#reverb 12: remembering

 

Imagine you will completely lose your memory of 2012 in 7 minutes. Set an alarm for 7 minutes and capture the things you most want to remember about 2012.
(Patty Digh, with an extra 2 minutes from Lee)

This is how I answered the prompt in 2010. Reading that post made me cry, for a lot of reasons, but mostly because I remember that little girl version of me who stood in the rain, and wondered at the night sky about falling in love, the girl who loved fireworks and imagined worlds far beyond her reach, the girl who both before and after 2010 felt like she'd lost her muchness and these bright moments of 2010 (2 whole years ago) bring it back. It helps me see how far I've come and how I got here.

Dear Self,

In the next seven minutes, you are going to forget 2012 for how long I'm not exactly sure; let's say until the next reverb prompt. So until your memory returns there are some highlights I'd like to share with you. 

The most important thing to remember is that you are loved. This year has overwhelmed you with generosity from strangers, from family, friends and the one you love. Your relationship with your family has gotten stronger, which has meant a lot. It has been a rollercoaster of moments, significant highs and lows. It felt like a fast moving train once summer hit and things got set into motion quickly for moving to a new position. But in between all of the focus on jobs and moving, there were amazing moments like holding your niece for the first time, and later watching her crawl and giggle at funny faces you made. How it feels like this complete gift to be part of her life, the way it does any time you get to see Nora and watch her grow. Watching Nora eat her brithday cake will be one of the highlights of this year.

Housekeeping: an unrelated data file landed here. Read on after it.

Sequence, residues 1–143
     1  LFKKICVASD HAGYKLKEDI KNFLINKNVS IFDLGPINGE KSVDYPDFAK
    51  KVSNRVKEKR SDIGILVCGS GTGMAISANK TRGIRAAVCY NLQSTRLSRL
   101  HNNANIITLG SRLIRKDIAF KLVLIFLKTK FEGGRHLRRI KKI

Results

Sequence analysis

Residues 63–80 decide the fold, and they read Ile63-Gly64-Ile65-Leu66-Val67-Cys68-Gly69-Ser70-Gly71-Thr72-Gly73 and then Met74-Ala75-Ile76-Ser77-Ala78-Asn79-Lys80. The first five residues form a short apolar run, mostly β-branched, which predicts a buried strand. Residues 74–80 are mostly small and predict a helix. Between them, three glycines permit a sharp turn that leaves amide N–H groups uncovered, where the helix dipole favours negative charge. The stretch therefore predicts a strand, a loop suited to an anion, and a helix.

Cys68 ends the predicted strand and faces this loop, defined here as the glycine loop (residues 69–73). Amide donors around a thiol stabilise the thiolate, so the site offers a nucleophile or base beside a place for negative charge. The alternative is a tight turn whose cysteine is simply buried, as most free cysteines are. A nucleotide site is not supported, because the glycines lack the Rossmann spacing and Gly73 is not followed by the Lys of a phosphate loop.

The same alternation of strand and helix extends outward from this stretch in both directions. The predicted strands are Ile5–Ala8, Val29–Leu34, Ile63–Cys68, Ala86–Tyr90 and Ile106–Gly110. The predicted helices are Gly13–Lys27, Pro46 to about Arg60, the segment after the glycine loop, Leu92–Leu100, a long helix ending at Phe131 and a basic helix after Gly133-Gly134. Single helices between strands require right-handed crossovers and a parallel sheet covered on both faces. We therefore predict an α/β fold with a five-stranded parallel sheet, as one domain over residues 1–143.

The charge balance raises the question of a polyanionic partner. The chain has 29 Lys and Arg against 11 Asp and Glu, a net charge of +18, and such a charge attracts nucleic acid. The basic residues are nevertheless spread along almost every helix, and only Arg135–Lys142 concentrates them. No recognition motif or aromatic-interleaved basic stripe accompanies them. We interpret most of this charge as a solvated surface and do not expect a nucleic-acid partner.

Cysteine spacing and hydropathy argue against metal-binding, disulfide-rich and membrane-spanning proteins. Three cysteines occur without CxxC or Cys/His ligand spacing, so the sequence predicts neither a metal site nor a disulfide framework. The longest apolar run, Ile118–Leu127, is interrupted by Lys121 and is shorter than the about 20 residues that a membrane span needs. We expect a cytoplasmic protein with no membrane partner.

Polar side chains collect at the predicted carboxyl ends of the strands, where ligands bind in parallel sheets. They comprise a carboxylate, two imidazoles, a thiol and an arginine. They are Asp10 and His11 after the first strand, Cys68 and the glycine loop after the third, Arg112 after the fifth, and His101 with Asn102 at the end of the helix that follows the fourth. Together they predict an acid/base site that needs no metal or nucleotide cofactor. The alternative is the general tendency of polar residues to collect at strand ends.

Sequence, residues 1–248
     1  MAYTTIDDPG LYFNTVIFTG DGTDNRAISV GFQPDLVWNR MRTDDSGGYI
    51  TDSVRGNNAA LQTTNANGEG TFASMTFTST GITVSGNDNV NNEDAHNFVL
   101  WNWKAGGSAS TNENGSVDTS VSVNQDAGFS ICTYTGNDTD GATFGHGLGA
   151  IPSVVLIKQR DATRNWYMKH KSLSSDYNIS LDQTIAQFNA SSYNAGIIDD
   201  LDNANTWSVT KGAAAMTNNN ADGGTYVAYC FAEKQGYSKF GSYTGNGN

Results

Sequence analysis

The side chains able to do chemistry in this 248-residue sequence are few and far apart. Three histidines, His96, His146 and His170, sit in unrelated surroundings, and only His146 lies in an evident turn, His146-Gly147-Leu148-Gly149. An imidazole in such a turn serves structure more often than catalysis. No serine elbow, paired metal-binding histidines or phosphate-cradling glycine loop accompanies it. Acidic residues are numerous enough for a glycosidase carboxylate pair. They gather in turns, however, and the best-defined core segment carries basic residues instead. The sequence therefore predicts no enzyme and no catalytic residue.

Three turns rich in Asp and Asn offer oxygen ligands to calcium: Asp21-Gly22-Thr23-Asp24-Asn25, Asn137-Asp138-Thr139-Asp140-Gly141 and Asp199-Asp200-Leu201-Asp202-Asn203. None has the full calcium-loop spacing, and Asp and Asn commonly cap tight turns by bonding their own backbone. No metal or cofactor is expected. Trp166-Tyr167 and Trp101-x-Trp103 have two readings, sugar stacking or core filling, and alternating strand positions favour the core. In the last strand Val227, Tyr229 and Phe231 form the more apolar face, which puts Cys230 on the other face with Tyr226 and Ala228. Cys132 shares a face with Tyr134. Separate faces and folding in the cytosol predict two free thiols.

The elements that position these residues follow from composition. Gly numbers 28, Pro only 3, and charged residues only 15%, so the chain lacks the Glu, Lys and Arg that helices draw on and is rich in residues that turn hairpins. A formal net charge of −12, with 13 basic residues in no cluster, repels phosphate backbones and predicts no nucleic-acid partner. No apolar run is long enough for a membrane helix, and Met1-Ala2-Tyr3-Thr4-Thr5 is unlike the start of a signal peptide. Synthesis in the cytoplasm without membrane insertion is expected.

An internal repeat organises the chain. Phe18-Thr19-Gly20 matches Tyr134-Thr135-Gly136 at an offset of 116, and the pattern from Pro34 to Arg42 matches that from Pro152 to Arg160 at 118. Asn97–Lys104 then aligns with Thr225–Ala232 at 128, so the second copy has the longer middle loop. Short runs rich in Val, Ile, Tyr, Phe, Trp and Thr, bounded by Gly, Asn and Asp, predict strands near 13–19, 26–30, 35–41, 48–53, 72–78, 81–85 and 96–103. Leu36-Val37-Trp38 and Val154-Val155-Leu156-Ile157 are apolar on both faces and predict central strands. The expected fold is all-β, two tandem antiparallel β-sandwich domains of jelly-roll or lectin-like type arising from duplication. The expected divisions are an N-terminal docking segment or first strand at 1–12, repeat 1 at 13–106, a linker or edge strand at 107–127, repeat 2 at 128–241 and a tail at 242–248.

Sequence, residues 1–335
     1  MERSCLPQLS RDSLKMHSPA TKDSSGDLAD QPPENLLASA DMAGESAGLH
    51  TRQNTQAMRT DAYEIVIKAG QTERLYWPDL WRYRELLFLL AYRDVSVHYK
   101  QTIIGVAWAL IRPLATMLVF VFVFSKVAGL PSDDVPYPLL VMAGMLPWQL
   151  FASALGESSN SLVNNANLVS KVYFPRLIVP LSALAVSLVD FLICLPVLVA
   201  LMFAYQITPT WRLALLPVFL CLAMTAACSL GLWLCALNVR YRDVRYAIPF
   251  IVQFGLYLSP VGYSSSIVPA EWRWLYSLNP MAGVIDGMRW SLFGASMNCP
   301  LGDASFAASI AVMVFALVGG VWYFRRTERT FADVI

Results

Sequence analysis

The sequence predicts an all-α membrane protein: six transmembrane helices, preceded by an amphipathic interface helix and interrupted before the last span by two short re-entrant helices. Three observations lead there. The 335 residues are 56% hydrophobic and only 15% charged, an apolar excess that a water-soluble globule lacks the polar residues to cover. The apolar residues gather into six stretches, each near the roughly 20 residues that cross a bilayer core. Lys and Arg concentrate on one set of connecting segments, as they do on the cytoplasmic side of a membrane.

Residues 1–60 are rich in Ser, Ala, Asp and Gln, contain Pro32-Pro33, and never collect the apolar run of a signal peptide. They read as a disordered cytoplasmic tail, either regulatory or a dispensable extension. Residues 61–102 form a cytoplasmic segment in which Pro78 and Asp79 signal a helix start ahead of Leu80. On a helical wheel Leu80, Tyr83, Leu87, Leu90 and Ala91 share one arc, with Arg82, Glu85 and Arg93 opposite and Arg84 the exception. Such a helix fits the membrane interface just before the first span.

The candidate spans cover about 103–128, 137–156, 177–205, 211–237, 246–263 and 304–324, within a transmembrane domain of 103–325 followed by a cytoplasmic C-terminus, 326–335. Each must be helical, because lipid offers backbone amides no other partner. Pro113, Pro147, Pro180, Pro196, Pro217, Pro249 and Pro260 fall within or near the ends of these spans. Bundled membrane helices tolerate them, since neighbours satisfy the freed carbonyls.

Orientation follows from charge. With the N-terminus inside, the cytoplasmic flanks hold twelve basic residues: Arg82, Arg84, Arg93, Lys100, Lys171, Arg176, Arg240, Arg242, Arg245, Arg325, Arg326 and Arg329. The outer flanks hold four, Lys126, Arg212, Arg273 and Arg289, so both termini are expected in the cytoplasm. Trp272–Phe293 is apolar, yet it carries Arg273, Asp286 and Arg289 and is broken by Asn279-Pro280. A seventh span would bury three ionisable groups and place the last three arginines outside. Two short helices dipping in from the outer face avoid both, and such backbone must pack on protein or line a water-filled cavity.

You took tending to heart and mended relationships, swallowing your pride, letting things go and it made you free from all of that energy so you could spend it more usefully, like tending to your body, getting healthy, working out, losing weight. You have accomplished so much in six months and you should be proud of all of that work. 

You have been shaken up by your grandmother's illness, the way her mental health has declined, but you have continued to give her the gift of your words and though she may not be able to express it, she is grateful. Your mother says she asks about you constantly.

You found joy in your work, again. In teaching and working with students on their writing. You felt alive in the classroom and it made your students care about their work. Even those boys you thought were not paying attention told you on the last day of class how they looked forward to your class despite their groans and fears about writing. They knew you cared and so they did, too. 

But mostly you were loved, from a distance sometimes because you moved four hours away to teach, but every email and IM message, text and phone call help. It keeps you going, pushing yourself to be worth the sacrifices, making moments matter. Each time you see her, your breath catches in your throat like it did when you first met her almost 9 years ago. And you fall in love all over again, remembering how she captured your attention and was only one you wanted to see in the entire room. Only now, you are not scared of these feelings but emboldened by them, honored by them and know that how very much she feels like home.

You take photographs and create scrapbooks and you find the world beautiful. You feel like a better version of yourself and you smile a lot more.  

You write poems again, love poems and even though it's only a few, you feel like you've woken up from a very long sleep. 

You are happy and loved. You carved a path to happiness, the way Gran told you. You have tended to yourself and your loved ones marvelously. You have your muchness back and you are a warrior. You never needed rescuing. Not for a second.